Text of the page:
The emotional roller coaster takes us up and down. Until someone discovers a cure for this horrible disease, we have to accept that Steve won't get better in the conventional sense of the word. "Get well soon" cards aren't appropriate in our circumstances (what greeting do you send to someone who is terminally ill?) and "carefree" is no longer part of our life's vocabulary.
The frequent, regular visits to hospital begin to blur together after a while - eating into precious time and chopping it into small, disjointed blocks which makes it difficult to build up a head of steam to start or progress projects where continuity of more than a few days at a time is needed. Plans are made, revised, abandoned and reinvented - living with uncertainty is like that.
The physical roller coaster reflects the pattern of chemo, and is dominated by the side effects of nausea, strange tastes and tiredness. Underlying this is the knowledge of Steve's vulnerability to infection now his immune system is compromised by the treatment. He is acutely aware of any change in his body, questioning whether it might be a sign of the cancer spreading, rather than something mundane, such as indigestion, a muscle ache or a common cold.
Frustration looms large - wanting to do something, anything, to fight this disease and beat the odds on survival. Submitting to chemo, only to find three months later and four cycles of treatment further on that it has not resulted in any significant change is disappointing, there's no getting away from it. We need to think very carefully about whether to continue the drug trial, or switch to the standard treatment - something to discuss in detail with the doctor, next week.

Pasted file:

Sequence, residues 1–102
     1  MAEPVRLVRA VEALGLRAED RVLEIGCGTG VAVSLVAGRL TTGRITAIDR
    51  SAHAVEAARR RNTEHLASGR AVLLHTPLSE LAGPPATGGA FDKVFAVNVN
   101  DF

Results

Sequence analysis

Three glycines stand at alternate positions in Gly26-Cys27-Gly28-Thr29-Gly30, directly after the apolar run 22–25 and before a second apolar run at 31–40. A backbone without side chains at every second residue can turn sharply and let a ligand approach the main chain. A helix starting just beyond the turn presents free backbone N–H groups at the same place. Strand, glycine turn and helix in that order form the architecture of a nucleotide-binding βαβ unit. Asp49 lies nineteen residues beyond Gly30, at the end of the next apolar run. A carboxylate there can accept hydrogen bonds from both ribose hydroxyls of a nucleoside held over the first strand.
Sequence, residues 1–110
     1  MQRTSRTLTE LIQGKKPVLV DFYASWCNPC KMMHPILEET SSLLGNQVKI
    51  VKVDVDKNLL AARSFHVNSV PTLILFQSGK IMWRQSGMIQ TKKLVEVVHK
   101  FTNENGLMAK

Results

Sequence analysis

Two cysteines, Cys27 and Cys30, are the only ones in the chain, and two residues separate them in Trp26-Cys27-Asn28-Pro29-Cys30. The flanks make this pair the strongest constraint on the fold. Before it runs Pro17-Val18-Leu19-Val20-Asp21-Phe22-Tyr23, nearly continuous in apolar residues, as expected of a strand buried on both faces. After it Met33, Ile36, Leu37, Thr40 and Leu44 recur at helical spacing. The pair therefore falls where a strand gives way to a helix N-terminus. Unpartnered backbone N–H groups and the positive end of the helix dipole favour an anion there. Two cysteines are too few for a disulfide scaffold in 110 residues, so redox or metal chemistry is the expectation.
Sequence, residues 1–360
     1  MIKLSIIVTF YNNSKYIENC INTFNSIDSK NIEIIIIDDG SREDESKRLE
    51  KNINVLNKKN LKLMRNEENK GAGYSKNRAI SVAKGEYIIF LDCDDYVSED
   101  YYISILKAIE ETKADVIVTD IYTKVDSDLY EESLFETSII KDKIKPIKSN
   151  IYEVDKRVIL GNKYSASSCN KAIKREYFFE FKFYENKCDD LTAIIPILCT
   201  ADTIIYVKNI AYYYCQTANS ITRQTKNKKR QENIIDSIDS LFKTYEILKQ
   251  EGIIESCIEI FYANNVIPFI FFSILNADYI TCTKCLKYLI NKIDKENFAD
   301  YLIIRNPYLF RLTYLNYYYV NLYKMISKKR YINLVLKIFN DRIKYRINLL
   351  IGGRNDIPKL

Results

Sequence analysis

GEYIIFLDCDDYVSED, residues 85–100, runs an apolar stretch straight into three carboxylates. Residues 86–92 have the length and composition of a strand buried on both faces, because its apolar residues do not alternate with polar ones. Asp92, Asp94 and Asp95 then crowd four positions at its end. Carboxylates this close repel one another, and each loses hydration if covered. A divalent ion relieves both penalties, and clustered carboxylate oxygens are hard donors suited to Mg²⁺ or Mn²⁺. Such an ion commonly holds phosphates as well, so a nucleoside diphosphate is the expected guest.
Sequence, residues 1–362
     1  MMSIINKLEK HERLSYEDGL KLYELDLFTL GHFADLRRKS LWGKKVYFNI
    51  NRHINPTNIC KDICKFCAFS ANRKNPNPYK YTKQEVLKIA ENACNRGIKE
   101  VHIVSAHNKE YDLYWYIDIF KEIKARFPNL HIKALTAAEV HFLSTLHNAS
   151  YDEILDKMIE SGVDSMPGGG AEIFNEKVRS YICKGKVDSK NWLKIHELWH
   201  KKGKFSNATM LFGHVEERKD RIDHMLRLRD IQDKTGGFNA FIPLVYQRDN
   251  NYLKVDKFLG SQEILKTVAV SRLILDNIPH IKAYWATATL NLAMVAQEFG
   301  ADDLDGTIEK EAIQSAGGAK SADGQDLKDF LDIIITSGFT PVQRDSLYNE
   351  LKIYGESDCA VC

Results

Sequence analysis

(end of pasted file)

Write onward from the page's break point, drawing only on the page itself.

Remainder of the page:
However, were it not for the physical side effects of the treatment, Steve would not know that he has mesothelioma. His breathing is not laboured; he walks into town and back without a problem. He has no chest pain (or any other pain, for that matter). During his "rest" weeks from treatment, we have crammed in a lot of living, getting out and about more than before all this began. At such times, we still wonder whether the diagnosis was correct - it's not supposed to be like this (not that we're complaining...)
It's scary looking into the future when there is no known cure for this type of cancer. Because he took part in the drug trial, Steve will get a second bite of the bitter chemo cherry. However, there is no back up treatment available on the NHS if/when he starts to deteriorate thereafter. We take comfort from the pioneering work currently being done in Germany using a technique called chemoembolization to treat mesothelioma. We may yet get to meet Prof Vogl in Frankfurt. But we hope it won't come to that until a long time in the future. In the meantime, we have plenty of living to do in the here and now.
How you think about a problem is more important than the problem itself,
so always think positively
Norman Vincent Peale
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